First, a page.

He could make them work in the fields, even in chains. He could punish them as he liked. A father could even inflict the death penalty, and the Roman government would not say a word. The father had absolute power and right over you if you were a child.

That would not be a pretty place to grow up. The second characteristic of children in the Roman Empire was called the custom of child exposure. So when a child was born, the father would sit in a chair, and they would take the brand new baby and lay the child at the father's feet. If the father reached down and picked up the child, it was kept. If the father saw the child, maybe it wasn't the sex that he wanted. Maybe there was something about the child that just wasn't attractive. If he got up and walked away from the chair, the child was killed. And I want you to get that in your mind because when the Apostle Paul talks about kids and their value, and how we take care of them and then their responsibility later to us, this is radical.

I mean, this isn't like what people would be used to. It's not like kids really matter and they're important and we should love our children. Third characteristic in the Roman Empire, unwanted children were commonly left in the Roman Forum. There they became the property of anyone who cared to pick them up. They were collected at nights by people who nourished them in order to later sell them or slaves, or to stock the brothels of Rome, both boys and girls. Fourth aspect, the ancient civilization was merciless to the sickly or the deformed child. Seneca, who was an orator at the time, wrote this, we slaughter a fierce ox, we strangle a mad dog, we plunge the knife into sickly cattle lest they taint the herd. Children who are born weakly and deformed, we drowned. And so all I want you to hear is that when you hear what God says to the Apostle Paul to kids, this book by God's power over thousands of years has the dignity of human life, and of children, and women, and the weak, and the hurting.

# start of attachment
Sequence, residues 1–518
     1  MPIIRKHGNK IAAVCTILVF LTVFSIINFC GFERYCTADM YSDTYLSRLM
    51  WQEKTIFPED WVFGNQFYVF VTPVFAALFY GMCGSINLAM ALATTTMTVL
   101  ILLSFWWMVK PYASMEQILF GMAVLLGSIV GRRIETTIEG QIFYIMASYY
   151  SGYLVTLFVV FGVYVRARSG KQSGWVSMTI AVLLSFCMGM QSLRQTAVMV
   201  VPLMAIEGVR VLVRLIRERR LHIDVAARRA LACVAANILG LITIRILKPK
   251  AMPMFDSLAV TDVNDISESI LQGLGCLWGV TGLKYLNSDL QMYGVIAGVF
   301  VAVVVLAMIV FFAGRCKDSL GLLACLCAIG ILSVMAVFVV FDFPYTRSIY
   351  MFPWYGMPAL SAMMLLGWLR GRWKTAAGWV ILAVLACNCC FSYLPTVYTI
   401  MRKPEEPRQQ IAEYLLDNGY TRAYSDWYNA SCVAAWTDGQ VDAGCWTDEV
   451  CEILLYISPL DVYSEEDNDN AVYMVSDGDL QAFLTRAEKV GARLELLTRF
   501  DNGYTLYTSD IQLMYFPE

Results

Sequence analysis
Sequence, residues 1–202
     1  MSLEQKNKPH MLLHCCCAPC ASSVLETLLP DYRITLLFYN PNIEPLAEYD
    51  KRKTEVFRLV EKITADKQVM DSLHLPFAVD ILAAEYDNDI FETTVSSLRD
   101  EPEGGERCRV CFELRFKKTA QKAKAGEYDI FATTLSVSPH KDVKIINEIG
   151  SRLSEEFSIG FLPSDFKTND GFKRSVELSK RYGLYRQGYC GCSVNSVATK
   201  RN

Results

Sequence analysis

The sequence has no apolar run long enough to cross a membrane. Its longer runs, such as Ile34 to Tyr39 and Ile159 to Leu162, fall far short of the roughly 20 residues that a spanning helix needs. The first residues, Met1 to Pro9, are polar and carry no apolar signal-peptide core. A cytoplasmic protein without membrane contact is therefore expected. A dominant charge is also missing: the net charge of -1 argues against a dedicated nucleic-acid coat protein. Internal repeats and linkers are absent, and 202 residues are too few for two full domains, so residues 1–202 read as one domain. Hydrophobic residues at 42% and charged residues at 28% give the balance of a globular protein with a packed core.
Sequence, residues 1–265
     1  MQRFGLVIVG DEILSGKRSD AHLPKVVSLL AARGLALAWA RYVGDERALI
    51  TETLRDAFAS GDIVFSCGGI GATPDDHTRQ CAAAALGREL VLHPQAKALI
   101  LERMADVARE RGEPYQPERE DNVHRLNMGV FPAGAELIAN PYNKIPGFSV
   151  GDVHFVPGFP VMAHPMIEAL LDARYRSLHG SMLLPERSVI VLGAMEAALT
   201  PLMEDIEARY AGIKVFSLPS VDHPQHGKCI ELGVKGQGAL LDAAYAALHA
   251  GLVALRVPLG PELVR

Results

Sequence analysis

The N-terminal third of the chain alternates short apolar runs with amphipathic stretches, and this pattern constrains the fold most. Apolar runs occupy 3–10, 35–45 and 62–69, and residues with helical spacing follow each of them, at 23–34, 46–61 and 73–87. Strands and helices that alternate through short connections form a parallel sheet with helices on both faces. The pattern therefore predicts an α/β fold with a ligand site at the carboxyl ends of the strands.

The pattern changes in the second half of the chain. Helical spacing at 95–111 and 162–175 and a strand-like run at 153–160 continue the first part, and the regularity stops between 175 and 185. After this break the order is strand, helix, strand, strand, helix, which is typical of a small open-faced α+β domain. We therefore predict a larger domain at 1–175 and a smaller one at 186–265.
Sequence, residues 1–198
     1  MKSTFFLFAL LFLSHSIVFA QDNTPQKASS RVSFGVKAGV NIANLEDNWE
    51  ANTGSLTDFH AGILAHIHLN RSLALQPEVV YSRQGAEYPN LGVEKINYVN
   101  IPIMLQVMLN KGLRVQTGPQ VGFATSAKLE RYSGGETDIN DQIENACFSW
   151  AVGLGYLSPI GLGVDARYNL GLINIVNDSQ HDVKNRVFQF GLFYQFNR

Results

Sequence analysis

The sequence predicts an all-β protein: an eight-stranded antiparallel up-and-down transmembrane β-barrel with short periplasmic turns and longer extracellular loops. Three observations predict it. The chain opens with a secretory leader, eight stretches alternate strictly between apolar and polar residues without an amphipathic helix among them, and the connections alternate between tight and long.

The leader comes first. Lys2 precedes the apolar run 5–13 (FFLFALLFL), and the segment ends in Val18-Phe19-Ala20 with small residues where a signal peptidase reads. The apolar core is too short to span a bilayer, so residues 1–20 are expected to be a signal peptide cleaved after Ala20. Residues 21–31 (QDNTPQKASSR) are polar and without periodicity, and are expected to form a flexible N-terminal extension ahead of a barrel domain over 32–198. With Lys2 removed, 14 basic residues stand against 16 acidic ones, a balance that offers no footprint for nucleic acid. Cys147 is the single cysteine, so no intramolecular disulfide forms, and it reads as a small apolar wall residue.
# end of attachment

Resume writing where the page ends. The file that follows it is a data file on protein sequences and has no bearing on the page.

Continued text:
Any one of us could have been that in that day. And so let's talk about God's very first words. If you would open the Bible and say, when does God ever speak about children?

I mean, when's the first time he speaks about children? And you have to go back to Exodus chapter 20, verse 12, and we get a command. Most of you know probably that there was, you know, Moses got two commands. The first tablet had four commands, and it was about your relationship vertically with God.

The second tablet, there were six commands, unlike on cartoons when there's five and five. And six through 10 were about your relationships with people. And the first and primary command was your relationship with your folks. And so it says, honor your father and mother, that's a command, the promise, so that you may live long in the land that the Lord your God is giving you.

And so the motive was, honor your father and mother, we'll talk about what that means, so that you could prosper, so you could get God's best. The word honor here means, by definition, it means literally to be heavy. It means to glorify, to ascribe value and worth. It means to respect them, to hold them in high regard.